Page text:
How to Get an ID

Due to the key role government issued ID cards play in state and national safety, as well as in Americans’ personal lives, ID issuance is strictly controlled. Where to get state ID can range from DMV service centers to state revenue offices, or other venues, but will consistently be the same place from which states issue drivers licenses.

Applicants can almost never get ID online, for both practical and safety reasons. Cards must be applied for in person, at the appropriate offices. This helps prevent fraud and facilitates the taking of photos and fingerprints in the states in which they are required. In specific cases, such as military service or the exchange of a drivers license for a non-driver ID, some states may allow exemptions to this rule.

Other factors, such as age, can affect the process by which any given American must apply for ID in his or her state of residence. In general, however, the process is usually comprised of the following steps:

  • Ordering, gathering or preparing documentation (e.g. birth certificates, Passports, court records and affidavits)
  • Pre-registering online (optional and variable by state)
  • Scheduling an appointment (optional and variable by state)
  • Taking the documentation and application paperwork or a pre-registration receipt to the appropriate office or venue
  • Sitting for a photograph
  • Sitting for fingerprinting (may not apply in all states)
  • Surrendering any other state-issued IDs (e.g. drivers licenses or non-driver ID issued by former states of residence)
  • Receipt of new ID card by mail

Enhanced ID Cards

Currently, only five states offer non-REAL ID enhanced ID card options. They are:

  • Michigan
  • Minnesota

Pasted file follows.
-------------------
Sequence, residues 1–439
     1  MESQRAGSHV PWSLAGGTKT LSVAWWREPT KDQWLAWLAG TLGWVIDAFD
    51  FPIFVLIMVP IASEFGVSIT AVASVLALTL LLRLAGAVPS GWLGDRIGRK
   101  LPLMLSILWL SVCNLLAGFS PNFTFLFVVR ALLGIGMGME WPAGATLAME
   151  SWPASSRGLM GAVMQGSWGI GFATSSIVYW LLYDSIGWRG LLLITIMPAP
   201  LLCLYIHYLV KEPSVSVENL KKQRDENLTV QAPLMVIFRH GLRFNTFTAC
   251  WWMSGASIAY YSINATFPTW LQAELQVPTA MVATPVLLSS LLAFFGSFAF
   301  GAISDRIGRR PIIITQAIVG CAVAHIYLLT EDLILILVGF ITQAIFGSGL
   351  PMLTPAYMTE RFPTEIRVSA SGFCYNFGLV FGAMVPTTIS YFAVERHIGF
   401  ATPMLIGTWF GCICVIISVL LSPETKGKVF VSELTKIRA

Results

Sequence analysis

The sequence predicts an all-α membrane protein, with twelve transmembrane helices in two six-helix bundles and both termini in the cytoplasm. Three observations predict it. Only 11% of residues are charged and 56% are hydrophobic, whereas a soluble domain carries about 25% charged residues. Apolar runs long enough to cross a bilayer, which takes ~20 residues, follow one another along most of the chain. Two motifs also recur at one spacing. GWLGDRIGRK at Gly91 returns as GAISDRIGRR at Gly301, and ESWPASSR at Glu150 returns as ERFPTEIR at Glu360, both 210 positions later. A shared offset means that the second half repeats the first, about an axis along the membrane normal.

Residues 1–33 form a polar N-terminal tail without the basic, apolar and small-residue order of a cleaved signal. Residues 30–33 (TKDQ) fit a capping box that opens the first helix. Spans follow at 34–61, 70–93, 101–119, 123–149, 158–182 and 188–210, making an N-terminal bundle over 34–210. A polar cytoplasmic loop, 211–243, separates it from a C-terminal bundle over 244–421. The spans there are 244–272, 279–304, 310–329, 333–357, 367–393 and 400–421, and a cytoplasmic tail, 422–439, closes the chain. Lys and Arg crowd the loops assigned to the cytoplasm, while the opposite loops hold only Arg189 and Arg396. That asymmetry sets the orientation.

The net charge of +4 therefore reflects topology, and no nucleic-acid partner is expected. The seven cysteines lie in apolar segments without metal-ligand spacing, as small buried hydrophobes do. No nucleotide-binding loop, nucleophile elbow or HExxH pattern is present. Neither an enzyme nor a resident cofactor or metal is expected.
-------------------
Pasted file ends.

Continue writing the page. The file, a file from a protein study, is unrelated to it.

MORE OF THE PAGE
• New York
  • Vermont
  • Washington

Enhanced state ID cards typically have slightly higher documentation requirements than standard IDs. At the same time, most require somewhat less stringent documentation than REAL IDs. Likewise, enhanced IDs also offer privileges that fall somewhere between standard and REAL IDs. Which privileges are granted will be specific to the state.


All states are required to offer a REAL ID card option by October 2020. Most already offer the option.

REAL ID cards are state-issued identification credentials that comply with all of the requirements of the federal REAL ID Act. As of the October 2020 deadline, Americans will need REAL IDs to access federal buildings or board domestic flights. Americans with non-compliant IDs will need alternative or additional documents (e.g. Passports or certified birth certificates) each time they attempt to do either of those things.

In most cases, the process by which residents apply for REAL ID is the same as that to apply for a standard ID. However, applicants must provide multiple proofs of identity, citizenship, residency and other qualifications, in order to qualify for REAL IDs. Some states only issue REAL ID-compliant identification cards.

How to Renew or Replace a State ID

Procedures for cardholders who need to renew their cards or replace a lost ID card typically mirror states’ initial application processes. Card holders can expect that they will need to go in person to apply for a replacement ID card. They will also often need the same documentation they took initially, to include:

  • Proof of identity.
  • Proof of residency.
  • Proof of citizenship or other legal presence.
  • Proof of Social Security Number.

DMV replacement ID cards frequently have longer expiration dates than drivers licenses from the same state. Some states also offer relaxed renewal procedures for seniors or other qualifying subgroups of cardholders.

DMV ID Costs

DMV ID cost varies widely from state to state. In some states, such as Arkansas, IDs are available for nominal fees (e.g. $5). In others, IDs cost the same, or nearly the same as drivers licenses to apply for, renew and replace.

Depending on individual state rules, the DMV ID price may be the same across age groups, or graded such that children’s and seniors’ cards are less expensive than standard adult cards. Enhanced and REAL ID cards are almost always more expensive than standard cards when a range of options is offered.

Last updated on Wednesday, March 4 2020.